Surname Name Meaning, Origin, and Etymology
This English, French, and Scottish surname derives from the nickname “the jolly”, meaning one who is merry, festive, or gay. It referred to a person who was cheerful or had a sweet disposition. Scholars link the name with the Yule or the Old Norse jol, the mid-winter holiday and festival or it derived from the the Icelandic word jol. Another author states the foreign equivalents are Jolfr (Norse), Jolles (German), Jolle (Dutch), Joly (French and Flemish). The Old English word jolif, means jolly, merry, or happy. Another source claims it was derived from the name Julius. Others asset that it is the same surname as Jolliffe. Yet another source claims it’s a shorten version of the Old Norse or Viking name Jolgeirr, and the Vikings introduced it to the east coast of Scotland in the 800’s AD. In England, this family name tend sto have been concentrated in central Lancashire, East Anglia, London, the South coast and Cornwall , which are all near the coast.
The name came from France to England with the Norman Conquest of 1066 AD. One author claims the name was associated with French Huguenots. It was recorded in Normandy in 1195 AD as Giolif, and a Robert Jolif was listed in 1198 AD in a census in the same locale. They were granted lands in Staffordshire, and many moved to Scotland, as records in Edinburgh in 1450 show Bervy and Alan Jolly.
Other spellings include Jolley, Jollie, Joly, Jollie, Jollys, and several others.
Early Bearers of the Surname
The Domesday Book records aman named Joli in the Yorkshire Wolds in 1086 AD. One John le Goly was recorded in Wiltshire in 1275 AD. The Poll Tax of Yorkshire, released in 1379 AD, records two people with this surname: Joannes Yoly and Agnes, serviens Joly Johan, Henricus Joly, Ricardus Jolyman, Willelmus Jolyman, and Johannes Jolyman. A William Golyle is recorded in the Hundred Rolls of 1273 AD. Theordorius Joley,who was a servant to one Mr. Philips, was buried in 1715 at St. Michael in Cornhill. A one Thomas Jolly, son of William, was baptized in 1595 at St. Marty Magdalene in Bermondsey.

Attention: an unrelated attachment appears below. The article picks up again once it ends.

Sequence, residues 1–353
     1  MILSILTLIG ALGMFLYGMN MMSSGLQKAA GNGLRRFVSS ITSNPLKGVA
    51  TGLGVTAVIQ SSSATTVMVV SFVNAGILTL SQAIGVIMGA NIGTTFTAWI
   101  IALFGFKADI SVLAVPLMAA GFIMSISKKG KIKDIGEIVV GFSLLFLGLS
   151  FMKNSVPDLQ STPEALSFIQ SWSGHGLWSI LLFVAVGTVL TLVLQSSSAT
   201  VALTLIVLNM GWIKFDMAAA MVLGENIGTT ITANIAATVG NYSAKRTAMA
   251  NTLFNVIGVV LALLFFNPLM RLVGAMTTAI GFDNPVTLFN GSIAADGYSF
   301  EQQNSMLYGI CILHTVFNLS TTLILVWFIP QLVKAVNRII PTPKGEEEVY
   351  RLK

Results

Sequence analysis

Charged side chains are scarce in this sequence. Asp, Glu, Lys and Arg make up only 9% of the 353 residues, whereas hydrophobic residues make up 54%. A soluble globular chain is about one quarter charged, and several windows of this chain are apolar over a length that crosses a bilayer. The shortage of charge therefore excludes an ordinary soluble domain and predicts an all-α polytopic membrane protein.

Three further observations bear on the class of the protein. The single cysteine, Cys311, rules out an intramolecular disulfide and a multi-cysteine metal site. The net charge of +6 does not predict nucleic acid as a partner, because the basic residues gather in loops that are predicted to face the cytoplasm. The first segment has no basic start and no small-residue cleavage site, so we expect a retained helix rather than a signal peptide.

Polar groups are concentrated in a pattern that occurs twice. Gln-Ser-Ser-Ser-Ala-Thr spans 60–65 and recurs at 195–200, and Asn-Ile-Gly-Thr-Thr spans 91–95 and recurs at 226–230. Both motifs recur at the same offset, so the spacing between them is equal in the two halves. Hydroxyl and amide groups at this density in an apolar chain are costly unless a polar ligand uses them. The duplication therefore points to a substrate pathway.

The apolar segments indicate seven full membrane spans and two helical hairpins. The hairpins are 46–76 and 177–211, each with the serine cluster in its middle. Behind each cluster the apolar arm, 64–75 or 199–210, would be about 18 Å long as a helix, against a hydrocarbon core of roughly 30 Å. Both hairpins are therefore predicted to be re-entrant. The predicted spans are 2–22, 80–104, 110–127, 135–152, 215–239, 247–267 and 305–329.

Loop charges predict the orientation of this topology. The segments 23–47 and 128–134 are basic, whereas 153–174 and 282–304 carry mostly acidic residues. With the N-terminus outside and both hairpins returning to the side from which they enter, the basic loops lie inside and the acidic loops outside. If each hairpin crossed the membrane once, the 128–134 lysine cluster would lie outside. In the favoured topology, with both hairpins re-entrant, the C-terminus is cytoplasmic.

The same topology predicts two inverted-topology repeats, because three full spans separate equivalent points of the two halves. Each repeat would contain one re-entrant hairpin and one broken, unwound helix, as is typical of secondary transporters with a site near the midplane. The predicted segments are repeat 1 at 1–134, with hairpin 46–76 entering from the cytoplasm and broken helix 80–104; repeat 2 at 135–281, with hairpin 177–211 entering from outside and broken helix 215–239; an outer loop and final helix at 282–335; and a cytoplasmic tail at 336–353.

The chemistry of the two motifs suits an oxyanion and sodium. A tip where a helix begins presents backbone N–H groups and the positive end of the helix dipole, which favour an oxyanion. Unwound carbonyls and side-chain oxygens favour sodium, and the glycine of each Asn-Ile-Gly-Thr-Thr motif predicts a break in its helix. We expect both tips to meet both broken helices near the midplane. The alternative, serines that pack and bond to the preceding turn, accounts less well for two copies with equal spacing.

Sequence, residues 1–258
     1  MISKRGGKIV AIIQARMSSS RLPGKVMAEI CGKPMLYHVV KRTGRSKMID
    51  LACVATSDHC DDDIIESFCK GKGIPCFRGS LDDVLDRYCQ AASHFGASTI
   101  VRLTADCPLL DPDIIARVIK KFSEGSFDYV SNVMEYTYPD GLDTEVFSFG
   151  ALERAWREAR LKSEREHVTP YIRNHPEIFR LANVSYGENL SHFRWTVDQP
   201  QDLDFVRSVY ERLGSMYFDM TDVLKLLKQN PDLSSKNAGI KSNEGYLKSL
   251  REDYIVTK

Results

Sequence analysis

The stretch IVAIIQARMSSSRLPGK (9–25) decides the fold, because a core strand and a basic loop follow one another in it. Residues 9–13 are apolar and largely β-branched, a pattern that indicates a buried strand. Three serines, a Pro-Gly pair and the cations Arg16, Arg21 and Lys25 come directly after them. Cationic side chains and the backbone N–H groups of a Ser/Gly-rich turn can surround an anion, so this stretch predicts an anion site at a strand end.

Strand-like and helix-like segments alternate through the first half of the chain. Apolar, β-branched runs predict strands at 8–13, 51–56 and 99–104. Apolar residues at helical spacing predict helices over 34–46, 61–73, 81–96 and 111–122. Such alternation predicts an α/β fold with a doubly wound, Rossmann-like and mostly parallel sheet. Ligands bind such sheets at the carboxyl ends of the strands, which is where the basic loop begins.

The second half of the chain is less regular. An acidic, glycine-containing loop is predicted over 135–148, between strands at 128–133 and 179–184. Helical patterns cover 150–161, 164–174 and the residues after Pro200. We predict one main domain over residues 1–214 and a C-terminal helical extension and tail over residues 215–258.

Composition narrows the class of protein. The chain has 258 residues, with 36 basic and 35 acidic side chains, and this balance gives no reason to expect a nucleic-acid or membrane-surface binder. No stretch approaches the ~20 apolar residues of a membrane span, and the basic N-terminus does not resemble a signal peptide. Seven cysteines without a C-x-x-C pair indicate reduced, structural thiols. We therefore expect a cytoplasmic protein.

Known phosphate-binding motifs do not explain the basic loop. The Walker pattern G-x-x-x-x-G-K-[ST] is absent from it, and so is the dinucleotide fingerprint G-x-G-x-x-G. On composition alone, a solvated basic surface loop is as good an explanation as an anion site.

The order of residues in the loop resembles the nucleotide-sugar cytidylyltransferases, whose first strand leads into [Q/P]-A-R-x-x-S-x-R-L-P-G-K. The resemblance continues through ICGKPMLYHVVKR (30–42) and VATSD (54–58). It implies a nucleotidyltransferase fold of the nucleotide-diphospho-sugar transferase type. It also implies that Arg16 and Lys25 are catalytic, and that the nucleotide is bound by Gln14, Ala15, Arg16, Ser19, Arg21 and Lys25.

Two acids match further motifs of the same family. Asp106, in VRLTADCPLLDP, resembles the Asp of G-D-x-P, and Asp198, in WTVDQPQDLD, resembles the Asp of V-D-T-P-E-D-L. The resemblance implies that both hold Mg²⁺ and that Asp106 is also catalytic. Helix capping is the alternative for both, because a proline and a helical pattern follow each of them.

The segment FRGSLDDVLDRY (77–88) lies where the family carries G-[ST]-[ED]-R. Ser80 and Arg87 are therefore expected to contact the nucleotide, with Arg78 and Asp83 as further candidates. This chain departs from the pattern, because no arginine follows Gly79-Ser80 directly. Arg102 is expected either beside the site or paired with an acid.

History, Genealogy, and Ancestry
H.B. Guppy, in his book “Homes of Family Names”, published in 1890, makes two statements about this last name: 1) “Jolly was the name of a Brisingham gentleman in 1580” and 2)”Jolly was the name of a Southwold merchant 200 years ago”.
A Thomas Jolley was born in Leek, England in 1560 AD. His parents are unknown. He married Margaret Swettenham and later Elizabeth Jolley and had three children: Joa, William, and John. His son William was born in 1589 in the same city and he later married Anne Webb in 1612. He had two children: Thomas and William Jolley or Jolliffe. His son Thomas was born in 1617 in Chedleton, and he married Margaret Skinner and with her had two issue: John Jolley and Benjamin Jolliffe, before dying in 1693. His son John was born in 1642 AD and married Mary Rigglesworth in 1662 and had the following childnre: Joseph, John, Elizabeth, Thomas and Peter, before during in Elizabeth River, Virginia Colony.
A John Jolly was born in 1771 in North Carolina with parents unknown. He married Elizabeth Bradley and had the following issue with her: Bradly, Martha, William, John Franklin, Elizabeth, Daniel, and Nancy. His son Bradley was born in 1791 in South Carolina. He married Cynthia Miller and Elizabeth Eads and had numerous issue: William Eages, Elizabeth Ann, Nathan Coleman, Marshall, James, Joseph, Edward E, Elizabeth Ann, Thomas, George, Nancy J., Benjamin, Mary, Sarah, Cynthia, Melissa, and Calway.
Early American and New World Settlers
Early settlers bearing this surname include Mary Jolly who came to Virginia aboard the Thomas in 1635 from the port of London, Joseph Jolly (Virginia 1633), Margery Jolly (Virginia 1636), Francois Jolly (Louisiana 1719), and Samuel Jolly (Pennsylvania 1806).
The family motto is Laetavi, meaning “I have rejoiced”.
Famous people with this last name include: 1) Edwin Jolley (1871-1895) who was a famous English soccer player from Birmingham, 2) Edward Jolley (1874-1915) who was an Australian political in the country’s Labor Party, 3) Alexander Jolly (1756-1838) who was bishop of Moray in Scotland, and 4) George Jolly (1640-1673) was an early English theater impresario.